Throughout Catawba's 27 summers, most of the campers and many of the staff came from New York City and Washington DC. In the beginning many of the boys were the sons of parents who, like Lachmann, had fled Nazi Germany. This also meant they were mostly Jewish - though Catawba was decidedly ecumenical and Lachmann read from both the Old and New Testaments at Sunday services. An article from 1951 in The Blowing Rocket, the local weekly newspaper, captures Lachmann's idealism, as well as the anomaly of Catawba in the southern mountains at the time: "There are in the camp today 29 boys from France, Germany, Norway, South American countries, New York and New Jersey, just as a sample of the various nationalities which the camp attracts. Absolutely no race or creed is turned away, and soon possibly color will be no bar to admission to the camp."[3] Catawba integrated in 1964.

The camp’s central building, a chestnut lodge known as the Mainhouse.

The physical heart of the camp was a chestnut lodge, constructed in 1913 before the blight decimated the American chestnut forests of the southern Appalachians. In 1985 the National Park Service purchased the camp grounds from Tui St. George Tucker, who inherited the site from Vera Lachmann, and on Tucker's death the Park Service took possession of the property. As of 2010, Park Service officials are deciding whether to preserve the chestnut lodge and how to interpret the camp to the public.[4]

External links[edit]

  • Camp Catawba - Vera Lachmann Papers, Appalachian Collection, Appalachian State University: [1] (see under Special Collections, Appalachian Collection, list of manuscript collections, no. 214)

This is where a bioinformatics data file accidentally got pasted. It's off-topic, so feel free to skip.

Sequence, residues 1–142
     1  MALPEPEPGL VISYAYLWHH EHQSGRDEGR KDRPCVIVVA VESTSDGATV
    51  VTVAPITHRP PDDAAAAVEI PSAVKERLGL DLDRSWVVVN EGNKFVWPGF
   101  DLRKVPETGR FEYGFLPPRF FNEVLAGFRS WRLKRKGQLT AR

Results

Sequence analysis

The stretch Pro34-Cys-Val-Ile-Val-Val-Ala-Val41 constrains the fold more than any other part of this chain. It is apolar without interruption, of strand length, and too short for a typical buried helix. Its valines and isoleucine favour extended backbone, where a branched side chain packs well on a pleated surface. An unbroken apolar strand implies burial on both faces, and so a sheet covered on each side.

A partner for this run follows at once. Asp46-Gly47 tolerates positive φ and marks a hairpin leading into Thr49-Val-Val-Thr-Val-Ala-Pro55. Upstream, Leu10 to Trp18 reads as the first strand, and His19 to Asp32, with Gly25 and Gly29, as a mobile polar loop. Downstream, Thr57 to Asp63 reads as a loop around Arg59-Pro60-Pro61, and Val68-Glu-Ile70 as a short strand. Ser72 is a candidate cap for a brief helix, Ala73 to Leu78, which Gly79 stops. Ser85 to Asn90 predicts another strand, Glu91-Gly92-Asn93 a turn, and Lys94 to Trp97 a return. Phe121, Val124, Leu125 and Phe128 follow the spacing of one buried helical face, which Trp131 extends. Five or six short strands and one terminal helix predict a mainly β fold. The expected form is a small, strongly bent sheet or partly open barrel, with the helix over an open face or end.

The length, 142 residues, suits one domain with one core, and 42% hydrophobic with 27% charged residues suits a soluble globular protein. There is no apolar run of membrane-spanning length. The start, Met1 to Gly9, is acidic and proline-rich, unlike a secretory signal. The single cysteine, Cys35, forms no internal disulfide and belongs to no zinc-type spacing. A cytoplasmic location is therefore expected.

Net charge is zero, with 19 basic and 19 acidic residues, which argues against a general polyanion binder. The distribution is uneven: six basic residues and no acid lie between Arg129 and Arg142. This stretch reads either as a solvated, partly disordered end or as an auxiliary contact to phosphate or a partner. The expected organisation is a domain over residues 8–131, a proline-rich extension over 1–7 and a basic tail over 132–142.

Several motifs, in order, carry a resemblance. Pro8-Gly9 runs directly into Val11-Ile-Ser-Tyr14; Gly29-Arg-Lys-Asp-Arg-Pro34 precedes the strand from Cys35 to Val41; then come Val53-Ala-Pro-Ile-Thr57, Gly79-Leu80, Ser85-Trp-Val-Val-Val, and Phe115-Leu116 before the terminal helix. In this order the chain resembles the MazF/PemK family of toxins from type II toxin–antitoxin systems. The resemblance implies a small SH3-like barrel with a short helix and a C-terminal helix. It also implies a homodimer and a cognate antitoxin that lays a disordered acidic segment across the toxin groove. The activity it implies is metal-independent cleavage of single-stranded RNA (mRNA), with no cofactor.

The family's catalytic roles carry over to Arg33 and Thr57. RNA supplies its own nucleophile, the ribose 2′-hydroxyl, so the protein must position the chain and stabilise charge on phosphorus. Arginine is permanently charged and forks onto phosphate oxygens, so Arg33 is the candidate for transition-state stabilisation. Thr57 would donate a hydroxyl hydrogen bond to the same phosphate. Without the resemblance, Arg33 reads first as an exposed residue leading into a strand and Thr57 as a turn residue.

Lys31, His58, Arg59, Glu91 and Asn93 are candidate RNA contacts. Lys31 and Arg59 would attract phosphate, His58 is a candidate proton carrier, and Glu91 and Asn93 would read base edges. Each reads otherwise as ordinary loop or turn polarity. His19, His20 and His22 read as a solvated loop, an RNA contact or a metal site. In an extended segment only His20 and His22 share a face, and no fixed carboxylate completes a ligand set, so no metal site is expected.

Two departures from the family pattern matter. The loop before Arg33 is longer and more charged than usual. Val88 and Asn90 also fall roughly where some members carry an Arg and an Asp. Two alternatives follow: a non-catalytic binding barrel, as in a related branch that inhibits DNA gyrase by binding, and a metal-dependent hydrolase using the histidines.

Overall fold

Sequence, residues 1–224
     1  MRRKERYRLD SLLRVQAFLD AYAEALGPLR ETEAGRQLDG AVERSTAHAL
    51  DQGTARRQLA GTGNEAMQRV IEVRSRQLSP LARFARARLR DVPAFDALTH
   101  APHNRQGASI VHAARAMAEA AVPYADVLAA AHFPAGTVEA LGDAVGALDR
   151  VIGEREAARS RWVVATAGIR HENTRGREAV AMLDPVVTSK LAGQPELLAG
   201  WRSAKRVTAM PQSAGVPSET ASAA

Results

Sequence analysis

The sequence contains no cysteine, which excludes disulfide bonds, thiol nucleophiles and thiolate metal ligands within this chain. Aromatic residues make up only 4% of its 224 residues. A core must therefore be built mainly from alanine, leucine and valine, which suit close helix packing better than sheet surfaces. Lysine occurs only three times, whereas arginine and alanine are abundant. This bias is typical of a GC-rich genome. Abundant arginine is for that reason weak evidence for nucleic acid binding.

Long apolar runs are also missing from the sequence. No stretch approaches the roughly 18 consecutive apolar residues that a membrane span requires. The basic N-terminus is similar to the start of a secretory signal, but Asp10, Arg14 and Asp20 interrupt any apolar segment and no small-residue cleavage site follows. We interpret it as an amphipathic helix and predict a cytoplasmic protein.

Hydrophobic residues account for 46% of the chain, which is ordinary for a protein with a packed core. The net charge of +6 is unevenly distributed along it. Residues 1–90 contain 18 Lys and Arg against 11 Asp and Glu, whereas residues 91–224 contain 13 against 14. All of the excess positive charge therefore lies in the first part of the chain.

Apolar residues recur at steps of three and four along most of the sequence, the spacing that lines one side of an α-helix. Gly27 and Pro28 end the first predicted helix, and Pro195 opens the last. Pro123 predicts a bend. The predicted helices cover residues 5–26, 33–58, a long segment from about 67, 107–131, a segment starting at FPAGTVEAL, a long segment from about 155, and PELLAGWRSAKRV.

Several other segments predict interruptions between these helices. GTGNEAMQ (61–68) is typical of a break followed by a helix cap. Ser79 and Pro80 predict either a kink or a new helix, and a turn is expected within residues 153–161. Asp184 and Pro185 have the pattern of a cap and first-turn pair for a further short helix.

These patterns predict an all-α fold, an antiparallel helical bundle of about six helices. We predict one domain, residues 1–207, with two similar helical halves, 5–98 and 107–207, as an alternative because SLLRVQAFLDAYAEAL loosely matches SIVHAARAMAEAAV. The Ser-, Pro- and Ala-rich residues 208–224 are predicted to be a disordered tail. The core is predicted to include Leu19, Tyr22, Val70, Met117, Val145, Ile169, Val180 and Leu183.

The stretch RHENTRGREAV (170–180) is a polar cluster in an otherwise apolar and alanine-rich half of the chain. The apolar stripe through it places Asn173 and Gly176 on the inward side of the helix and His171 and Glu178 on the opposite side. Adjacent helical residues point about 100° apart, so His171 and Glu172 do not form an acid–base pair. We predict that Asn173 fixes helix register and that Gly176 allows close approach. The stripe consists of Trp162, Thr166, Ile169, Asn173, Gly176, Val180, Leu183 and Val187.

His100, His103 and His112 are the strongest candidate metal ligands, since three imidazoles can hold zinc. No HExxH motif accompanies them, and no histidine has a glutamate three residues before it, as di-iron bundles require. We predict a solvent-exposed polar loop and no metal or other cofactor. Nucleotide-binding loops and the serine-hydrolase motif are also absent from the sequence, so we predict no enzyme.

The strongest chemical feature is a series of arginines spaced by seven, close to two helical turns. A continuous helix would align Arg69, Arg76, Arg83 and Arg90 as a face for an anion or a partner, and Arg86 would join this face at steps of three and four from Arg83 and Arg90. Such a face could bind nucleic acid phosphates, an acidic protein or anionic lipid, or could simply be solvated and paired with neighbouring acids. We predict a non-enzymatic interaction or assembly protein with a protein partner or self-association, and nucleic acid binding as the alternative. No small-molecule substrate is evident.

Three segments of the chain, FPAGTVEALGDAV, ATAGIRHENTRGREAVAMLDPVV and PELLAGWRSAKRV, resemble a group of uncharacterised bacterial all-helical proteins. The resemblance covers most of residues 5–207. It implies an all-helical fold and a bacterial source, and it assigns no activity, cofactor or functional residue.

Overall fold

• Blue Ridge Parkway Foundation, Camp Catawba Fund: [2] (see under "Projects")
  • Tui St. George Tucker website: [3]
  • Tui St. George Tucker manuscript collection, Dept. of Music, Appalachian State University. The collection is housed with the Camp Catawba - Vera Lachmann Papers: [4]


  1. ^ The principal source for Camp Catawba is Charles A. Miller, A Catawba Assembly (New Market, Virginia: Trackaday, 1973) [ISBN unspecified]; LC call number GV196.C35 M54. A review appears in The North Carolina Historical Review, vol. 51 (April 1974), p. 242. An additional source with more biographical information about the camp's director is Homer's Sun Still Shines Ancient Greece in Essays, Poems and Translations by Vera Lachmann, edited with an introduction and notes by Charles A. Miller (New Market, Virginia: Trackaday, 2005); ISBN 0-9606522-3-X. Reviews appear in Bryn Mawr Classical Review [online]. November 2004 and Classical World, vol. 99 (no. 4, summer 2006), pp. 466-67.
  2. ^ The poem "Catawba" (1972) is Lachmann's most succinct expression of the meaning of the site to her and her wish for the continuation of its values. The ode begins, "You dear piece of earth, wafted over by butterflies" It ends with a directive to all who knew the place: "O guard what is . . . and what was." "Catawba" is published in the second of Lachmann's three bilingual volumes of poetry, with prose translations by Spencer Holst in collaboration with the poet. See Namen werden Inseln / Names Become Islands (Amsterdam: Castrum Peregrini Presse, 1975), pp. 74-75.
  3. ^ The Blowing Rocket, July 20, 1951.
  4. ^ Recent articles about Camp Catawba are Sally Treadwell, "The Gods Are Also Here," High Country Magazine (Boone, NC), Oct/Nov 2007, pp. 82-93, and Jen Aronoff, "Blue Ridge Camp Gave Jewish Boys Classic Ideals," Charlotte Observer, Dec. 27, 2007, p. E-1.